[MUD-Dev] Re: online economy behavior (was: Self-organizing worlds)

Adam Wiggins adam at angel.com
Wed Mar 24 16:40:20 New Zealand Daylight Time 1999


On Thu, 25 Mar 1999, Mik Clarke wrote:
> Matthew Mihaly wrote:
> > As you say, in real life, you wouldn't work for 24 hours a day to maximize
> > your earnings potential, but in a mud, it is all-too-easy to do just that
> > with automation. Even without automation, I can't imagine that any mud
> > would require its players to put in a solid 8 or 10 (or 14 if you have a
> > tech industry!) hours a day in order to maintain a reasonable standard of
> > living.
> 
> On many muds you don't do any work at all.  You simply look around for someone
> (a mob) who has something you want and whom you can kill and just murder them
> for it.  Once your character has risen above the level of the lowest level mobs
> with a fairly high ticket item or a lot of loose change, you effectively have
> unlimited funds - you just need to remember to harvest them occasionally (or
> frequently if you need a lot of dosh in a hurry).  This probably has a lot to
> do with the vast imbalance in power between players who are fairly close in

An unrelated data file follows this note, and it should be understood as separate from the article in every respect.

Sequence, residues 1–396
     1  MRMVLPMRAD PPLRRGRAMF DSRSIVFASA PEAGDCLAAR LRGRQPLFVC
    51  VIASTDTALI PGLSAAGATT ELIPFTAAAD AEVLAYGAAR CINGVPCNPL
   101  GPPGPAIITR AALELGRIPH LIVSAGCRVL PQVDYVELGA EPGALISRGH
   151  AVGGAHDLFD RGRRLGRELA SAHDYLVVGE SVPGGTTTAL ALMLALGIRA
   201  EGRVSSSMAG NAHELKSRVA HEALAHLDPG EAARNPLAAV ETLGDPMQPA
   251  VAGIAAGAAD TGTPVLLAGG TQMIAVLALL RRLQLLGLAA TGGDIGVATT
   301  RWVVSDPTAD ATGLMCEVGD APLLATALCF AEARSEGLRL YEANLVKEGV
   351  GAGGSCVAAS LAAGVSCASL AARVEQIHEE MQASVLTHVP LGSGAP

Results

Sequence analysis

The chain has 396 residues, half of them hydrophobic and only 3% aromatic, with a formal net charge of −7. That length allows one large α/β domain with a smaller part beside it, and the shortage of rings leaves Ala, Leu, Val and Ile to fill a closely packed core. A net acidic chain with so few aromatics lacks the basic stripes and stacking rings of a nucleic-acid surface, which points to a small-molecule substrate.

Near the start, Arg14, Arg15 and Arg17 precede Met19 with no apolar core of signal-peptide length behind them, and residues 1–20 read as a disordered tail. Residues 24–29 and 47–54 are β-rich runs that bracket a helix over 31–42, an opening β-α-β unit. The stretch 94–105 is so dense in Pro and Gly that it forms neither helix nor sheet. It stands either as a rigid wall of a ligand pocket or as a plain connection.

> level.  Most players have a killing range of +/- 5 levels - more than 5 levels
> higher and you can't kill it most of the time, more than 5 levels lower and
> you don't get any xps - but you do get gold and equipment.  The mobs
> posessions don't however reflect this even though they are not organized
> enough to protect themselves.

You could probably solve this with some *very* careful game balance, although
the amount of effort it would take to get it to work properly might be more
than it's worth.  You could make it so that attacking and killing something
takes resources, so it's not worthwhile for "scrubs" unless you are a scrub
yourself.

For example: low level mobiles are things like turtles and giant insects,
with very hard exoskeletons but move slowly and don't do much damage.
Newbies attack them and pound on them with their newbie clubs.
A high-level character will have a nice fine-edged sword, and the amount of
money it would cost to repair the edge of the sword after pounding it on
a turtle's shell would be far more than anything the turtle's hide is worth.
By the same token, a high level mage might require components for their spells,
and thus don't want to cast them on anything unless it's actually worthwhile.

A simpler and more all-encompassing solution would be to simply give bad
"karma" (work it in with your religious system however you like) for every
kill (or attack, for that matter).  You get terrible karma for beating up
on creatures much weaker than you...

A common trick is to have guardians at the entrance to newbie areas that don't
let you in if you're above a certain level.  A nice twist on this that I
saw somewhere was that you could walk *into* the newbie area, but if you
attacked anything there some sort of avenging creature (very tough) swooped
out of nowhere and rescued the scrub mobile...

Adam W.




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